I never had a little sister growing up. It wasn’t until my mid-teens until I inherited two older brothers, Matt and Matt. Growing up as an only child certainly had its challenges, and I didn’t necessarily have the opportunity to care for someone else, in a big brother type role. Perhaps I wanted that dynamic in a family setting? In no way do I blame my parents for this, in fact, being an only child, as an adult, has helped me to further understand my challenges with anxiety, alcoholism, and addiction, most notably the craving and need for reassurance and attention.
In 2010 I began volunteering at the Cascade Youth and Family Center in Bend, Oregon. I wanted to do something to give back to the community in some way. I knew that the LOFT (Living Options for Teens) was a place where homeless and troubled youth went to try their hand at rehabilitation, in a community environment, and I wanted to help, to get out of my head, and to do something meaningful in the hearts of others. One fall afternoon as I was hanging out in the common area at the LOFT with some of the kids, playing guitar, waiting for dinner to be cooked, a shy girl walked in, looking timid and frightened, and sat on one of the corner benches in the room. It was obvious that she did not know any of the kids, or staff, as she didn’t say a word to anyone in the room. After a few minutes I went up to her and introduced myself, and she hesitantly replied, “hi, my name is Jade.” For some reason, at that moment the inner big brother in me, that had never really been exercised before, came out, and I took her under my wing. That day Jade became my little sister.
As a volunteer at the LOFT it was expected that we treat every kid the same, without favoring one or the other. And I did this, creating bonds and friendships with many of them that still last to this day. In fact, one of those kids just emailed my a week ago saying that he had finally gotten his first job out of college. But with Jade it was different for some reason. I wanted to teach her about life, responsibility, and hopefully bring out the courage in her to understand that, despite her troubled past, she had a bright future ahead of her.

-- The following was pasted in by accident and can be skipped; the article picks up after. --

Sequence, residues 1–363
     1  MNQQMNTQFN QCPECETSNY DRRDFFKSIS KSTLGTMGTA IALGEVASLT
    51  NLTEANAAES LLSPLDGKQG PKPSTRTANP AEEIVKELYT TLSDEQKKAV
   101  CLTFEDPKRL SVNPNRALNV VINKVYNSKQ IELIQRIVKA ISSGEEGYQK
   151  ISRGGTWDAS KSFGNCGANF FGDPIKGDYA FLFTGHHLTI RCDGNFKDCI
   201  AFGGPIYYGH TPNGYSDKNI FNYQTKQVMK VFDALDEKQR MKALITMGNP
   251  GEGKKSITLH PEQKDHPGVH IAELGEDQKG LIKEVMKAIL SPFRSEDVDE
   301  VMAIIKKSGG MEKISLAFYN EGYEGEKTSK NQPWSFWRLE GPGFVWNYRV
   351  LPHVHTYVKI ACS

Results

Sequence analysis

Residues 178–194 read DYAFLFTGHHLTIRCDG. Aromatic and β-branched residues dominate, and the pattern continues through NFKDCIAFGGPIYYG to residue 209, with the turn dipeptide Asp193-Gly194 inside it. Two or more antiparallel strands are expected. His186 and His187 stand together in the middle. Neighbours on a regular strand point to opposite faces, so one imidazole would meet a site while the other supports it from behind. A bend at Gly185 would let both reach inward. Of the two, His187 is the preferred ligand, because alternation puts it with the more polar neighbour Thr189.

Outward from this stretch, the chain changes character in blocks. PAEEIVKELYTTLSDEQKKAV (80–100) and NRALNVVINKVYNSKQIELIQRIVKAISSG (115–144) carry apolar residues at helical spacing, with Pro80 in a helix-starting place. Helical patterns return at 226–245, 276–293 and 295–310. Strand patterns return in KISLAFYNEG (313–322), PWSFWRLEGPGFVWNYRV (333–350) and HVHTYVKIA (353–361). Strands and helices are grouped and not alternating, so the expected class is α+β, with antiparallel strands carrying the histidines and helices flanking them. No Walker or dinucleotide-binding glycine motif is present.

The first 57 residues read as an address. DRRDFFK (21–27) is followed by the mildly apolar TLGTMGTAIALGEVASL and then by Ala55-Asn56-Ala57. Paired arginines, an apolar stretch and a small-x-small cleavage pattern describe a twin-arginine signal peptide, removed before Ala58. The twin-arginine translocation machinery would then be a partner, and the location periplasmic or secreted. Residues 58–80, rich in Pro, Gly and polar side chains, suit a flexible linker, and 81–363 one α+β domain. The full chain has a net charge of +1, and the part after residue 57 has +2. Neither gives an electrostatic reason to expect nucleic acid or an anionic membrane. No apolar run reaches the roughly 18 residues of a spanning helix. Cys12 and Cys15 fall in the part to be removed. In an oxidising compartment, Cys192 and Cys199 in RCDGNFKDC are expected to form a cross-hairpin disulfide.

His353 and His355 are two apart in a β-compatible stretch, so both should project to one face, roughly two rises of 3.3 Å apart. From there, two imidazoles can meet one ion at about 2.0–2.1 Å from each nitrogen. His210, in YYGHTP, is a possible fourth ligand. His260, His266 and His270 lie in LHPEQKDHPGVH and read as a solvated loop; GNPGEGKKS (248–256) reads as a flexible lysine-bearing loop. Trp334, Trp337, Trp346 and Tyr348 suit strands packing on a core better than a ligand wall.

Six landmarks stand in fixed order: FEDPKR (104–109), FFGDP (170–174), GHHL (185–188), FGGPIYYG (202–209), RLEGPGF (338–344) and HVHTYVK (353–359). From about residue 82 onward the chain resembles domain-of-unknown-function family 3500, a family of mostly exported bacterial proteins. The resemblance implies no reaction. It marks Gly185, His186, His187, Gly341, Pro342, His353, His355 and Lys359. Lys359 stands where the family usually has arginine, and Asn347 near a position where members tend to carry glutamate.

A few of my favorite memories of my time spent with Jade when she was at the LOFT impacted me then as I was undertaking my own rough patch in life, struggling with self-identity and self-worth. I so wanted to be able to relate to her, as a teenager. For now as I look back at my mental and emotional capacity at that time was probably along the same lines as Jade, being 16. Most notably she taught me about what kids listen to for music. She and I would spend hours downloading and listening to music, with the likes of Wiz Khalifa, Lost Boyz, and Lil Wayne. To this day I can recite “Black and Yellow” word for word, much to the amazement of my friends and work colleagues. Basically anything by Wiz Khalifa reminds me of Jade, and the minute I hear any of his songs a smile comes across my face, taking me back to the days when Jade and I would pass the time being teenagers together…I loved it.
One other moment with Jade sticks out in particular. One evening when I brought the kids to workout at Juniper Swim and Fitness Center she came with me to the yoga room where I liked to stretch. For that hour Jade opened up to me about what it was like growing up with her own personal demons and challenges. Today as I think back she and I actually had similar experiences to some degree. She spoke so candidly, especially for a teenager, about what she had gone through to get to the point where the LOFT was her best option at restarting her life. She spoke and I listened. That conversation still has a profound impact on my life. It serves as a reminder that we all go through challenges at varying degrees, regardless of our socio-economic backgrounds and financial, mental, and physical status.
When Jade left the LOFT early the next year I was crushed. I sat in the LOFT that day for about an hour with tears in my eyes, hoping that I would get the chance to see her again and that we would stay in touch. She moved away from Oregon for a few years, and during that time we did manage to stay in touch by Facebook. When I got her message that she was coming back to Oregon to live I literally jumped out of my chair and screamed for joy. My little sis was coming home, and I’d have the chance to see her again. I was beyond excited.
Today, 3 years later, I am able to catch up with Jade once every couple of months when I am in Bend. In fact, when I plan a trip back over to Central Oregon she is the first person I call to see if I can steal her away for a little while to catch up. I am happy to say now that Jade is making a life for herself on her own, as a new mom. She recently had a baby girl, Teagan, who is absolutely adorable. The weekly pics I get of Teagan and her mom make my day. I am just hopeful that she let’s me be there for her, as an adopted uncle , as she continues to forge her life as an adult. I miss ya Jade, and you know that if you ever need anything I am there for you, period.